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Sol-gel synthesis of carbon-doped TiO2 nanoparticles based on microcrystalline cellulose for efficient photocatalytic degradation of methylene blue under visible light.

Authors
  • Habibi, Saba1
  • Jamshidi, Masoud1
  • 1 Polymers and Constructional Composites Research Lab., School of Chemical Engineering, Iran University of Science and Technology (IUST), Tehran, Iran. , (Iran)
Type
Published Article
Journal
Environmental Technology
Publisher
Informa UK (Taylor & Francis)
Publication Date
Oct 01, 2020
Volume
41
Issue
24
Pages
3233–3247
Identifiers
DOI: 10.1080/09593330.2019.1604815
PMID: 31042450
Source
Medline
Keywords
Language
English
License
Unknown

Abstract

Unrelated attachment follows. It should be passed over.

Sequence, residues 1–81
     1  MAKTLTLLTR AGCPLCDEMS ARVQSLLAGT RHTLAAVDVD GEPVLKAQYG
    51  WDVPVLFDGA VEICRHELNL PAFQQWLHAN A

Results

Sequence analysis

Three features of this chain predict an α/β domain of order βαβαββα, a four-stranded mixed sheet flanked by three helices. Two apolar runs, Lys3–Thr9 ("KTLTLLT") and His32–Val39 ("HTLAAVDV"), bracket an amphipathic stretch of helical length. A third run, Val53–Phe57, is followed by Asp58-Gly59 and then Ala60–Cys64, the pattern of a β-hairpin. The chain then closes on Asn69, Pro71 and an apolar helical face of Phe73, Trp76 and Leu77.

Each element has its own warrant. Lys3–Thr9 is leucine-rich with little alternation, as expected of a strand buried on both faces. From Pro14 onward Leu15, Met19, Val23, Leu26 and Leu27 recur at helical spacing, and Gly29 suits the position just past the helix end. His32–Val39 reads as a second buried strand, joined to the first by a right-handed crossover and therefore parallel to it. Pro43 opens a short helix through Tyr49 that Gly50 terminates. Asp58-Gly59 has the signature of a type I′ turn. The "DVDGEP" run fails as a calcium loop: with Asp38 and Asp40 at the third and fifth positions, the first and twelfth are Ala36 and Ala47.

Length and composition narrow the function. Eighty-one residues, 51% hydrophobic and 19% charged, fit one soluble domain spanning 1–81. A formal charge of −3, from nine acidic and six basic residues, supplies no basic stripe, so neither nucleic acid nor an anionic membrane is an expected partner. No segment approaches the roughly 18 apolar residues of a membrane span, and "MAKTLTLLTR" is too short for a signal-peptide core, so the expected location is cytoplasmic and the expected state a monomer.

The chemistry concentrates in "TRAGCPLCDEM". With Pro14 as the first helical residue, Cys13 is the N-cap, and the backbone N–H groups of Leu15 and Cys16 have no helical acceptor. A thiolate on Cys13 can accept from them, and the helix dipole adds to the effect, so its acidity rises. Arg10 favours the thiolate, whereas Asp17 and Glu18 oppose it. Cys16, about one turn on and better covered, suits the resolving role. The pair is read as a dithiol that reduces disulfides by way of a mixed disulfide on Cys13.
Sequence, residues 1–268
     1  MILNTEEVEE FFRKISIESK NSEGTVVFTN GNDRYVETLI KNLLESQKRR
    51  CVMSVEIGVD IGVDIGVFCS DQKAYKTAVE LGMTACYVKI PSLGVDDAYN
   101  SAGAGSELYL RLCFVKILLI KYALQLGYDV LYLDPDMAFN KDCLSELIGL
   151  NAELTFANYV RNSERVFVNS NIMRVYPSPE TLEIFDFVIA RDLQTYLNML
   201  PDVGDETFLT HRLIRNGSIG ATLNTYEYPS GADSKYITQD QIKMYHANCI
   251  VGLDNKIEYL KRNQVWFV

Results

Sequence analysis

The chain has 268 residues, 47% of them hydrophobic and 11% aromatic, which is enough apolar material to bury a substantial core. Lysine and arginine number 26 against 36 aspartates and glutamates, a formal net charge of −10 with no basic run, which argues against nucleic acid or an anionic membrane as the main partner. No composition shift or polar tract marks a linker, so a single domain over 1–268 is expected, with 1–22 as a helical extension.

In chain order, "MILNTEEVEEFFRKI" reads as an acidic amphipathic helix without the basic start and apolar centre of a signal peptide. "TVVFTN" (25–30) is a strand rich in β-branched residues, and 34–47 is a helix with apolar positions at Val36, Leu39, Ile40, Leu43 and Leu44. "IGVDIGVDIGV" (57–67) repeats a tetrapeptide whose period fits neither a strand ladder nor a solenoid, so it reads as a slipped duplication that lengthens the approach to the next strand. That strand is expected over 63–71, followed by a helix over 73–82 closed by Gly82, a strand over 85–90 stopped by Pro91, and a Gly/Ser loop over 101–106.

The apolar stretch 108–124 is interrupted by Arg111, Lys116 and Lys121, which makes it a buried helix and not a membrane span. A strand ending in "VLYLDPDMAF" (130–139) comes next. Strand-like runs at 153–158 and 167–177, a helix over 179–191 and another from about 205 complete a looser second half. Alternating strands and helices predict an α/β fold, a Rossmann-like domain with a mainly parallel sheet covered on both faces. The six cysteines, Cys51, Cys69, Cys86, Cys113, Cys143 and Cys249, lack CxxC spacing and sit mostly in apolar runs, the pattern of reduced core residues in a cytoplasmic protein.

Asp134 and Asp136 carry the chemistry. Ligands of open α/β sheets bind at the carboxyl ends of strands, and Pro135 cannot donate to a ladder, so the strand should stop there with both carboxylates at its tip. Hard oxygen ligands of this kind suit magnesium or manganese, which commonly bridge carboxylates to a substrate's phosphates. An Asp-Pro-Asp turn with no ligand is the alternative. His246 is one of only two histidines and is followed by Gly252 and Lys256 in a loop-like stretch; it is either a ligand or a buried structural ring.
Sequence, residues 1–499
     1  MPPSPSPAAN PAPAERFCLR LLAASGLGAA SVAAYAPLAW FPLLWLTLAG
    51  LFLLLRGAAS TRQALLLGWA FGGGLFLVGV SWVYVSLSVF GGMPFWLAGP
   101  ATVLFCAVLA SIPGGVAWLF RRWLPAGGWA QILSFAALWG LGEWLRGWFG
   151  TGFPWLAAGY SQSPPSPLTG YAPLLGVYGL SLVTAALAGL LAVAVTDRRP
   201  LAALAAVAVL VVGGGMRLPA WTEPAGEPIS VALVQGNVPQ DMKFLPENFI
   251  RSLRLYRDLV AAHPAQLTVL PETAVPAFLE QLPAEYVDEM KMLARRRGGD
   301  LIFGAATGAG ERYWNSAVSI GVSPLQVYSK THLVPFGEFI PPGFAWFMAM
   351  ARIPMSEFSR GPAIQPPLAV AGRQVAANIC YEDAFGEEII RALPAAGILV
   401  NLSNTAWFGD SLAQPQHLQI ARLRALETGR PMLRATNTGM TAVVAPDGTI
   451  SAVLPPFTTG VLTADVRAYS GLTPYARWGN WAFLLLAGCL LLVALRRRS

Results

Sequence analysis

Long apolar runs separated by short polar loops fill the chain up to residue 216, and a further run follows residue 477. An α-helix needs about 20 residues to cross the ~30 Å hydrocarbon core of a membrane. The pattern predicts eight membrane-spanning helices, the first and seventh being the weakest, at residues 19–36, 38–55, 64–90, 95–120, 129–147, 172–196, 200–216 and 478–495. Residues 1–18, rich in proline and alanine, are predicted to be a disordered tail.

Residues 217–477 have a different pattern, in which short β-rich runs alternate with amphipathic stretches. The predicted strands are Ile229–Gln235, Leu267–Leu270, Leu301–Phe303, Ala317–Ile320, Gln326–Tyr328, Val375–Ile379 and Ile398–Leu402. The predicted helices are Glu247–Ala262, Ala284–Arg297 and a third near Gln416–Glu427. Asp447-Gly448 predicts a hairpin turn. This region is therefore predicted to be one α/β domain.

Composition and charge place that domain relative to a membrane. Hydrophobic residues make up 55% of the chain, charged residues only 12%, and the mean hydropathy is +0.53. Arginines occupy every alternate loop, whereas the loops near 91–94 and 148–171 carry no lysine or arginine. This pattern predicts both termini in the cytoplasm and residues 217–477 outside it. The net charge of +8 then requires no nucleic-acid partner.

Carbon-doped titanium dioxide photocatalyst with improved performance in visible light was prepared via the typical sol-gel method. Microcrystalline cellulose (MCC) was used as carbon elements source. The prepared pure and carbon-doped TiO2 samples were calcined at 400-650°C in air and the effect of annealing temperature on the stability of carbon ions was investigated. EDX analysis showed the presence of 5.66 wt.% carbon atoms in TiO2 nanoparticles formed on MCC, which was attributed to the doping of carbon atoms in TiO2 lattice. Carbon doping was also confirmed by Raman spectroscopy. According to the UV-VIS DRS analysis, the band gap of TiO2 particles decreased from 2.96 to 2.71 eV in pure and carbon-doped TiO2, respectively. Therefore the visible light absorbance increased to 15.05% compared to 0% absorbance in pure TiO2. The heat treatment of carbon-doped TiO2 nanostructures showed that carbon element could escape from the O-Ti-O lattice at temperatures higher than 600°C. According to the SEM images, synthesis of TiO2 in presence of MCC also limited the growth of TiO2 nanoparticles and controlled the morphology and aggregation of nanoparticles. Carbon doping improved the photocatalytic performance of TiO2 photocatalyst compared to the pure nanoparticles in degradation of methylene blue in the aqueous phase. Carbon-doped TiO2 attained the efficiency of 56.25%, 51.18% and 62.95% under UV, visible and solar lights, respectively, compared to 28.43%, 6.36% and 33.65% related to the pure TiO2.

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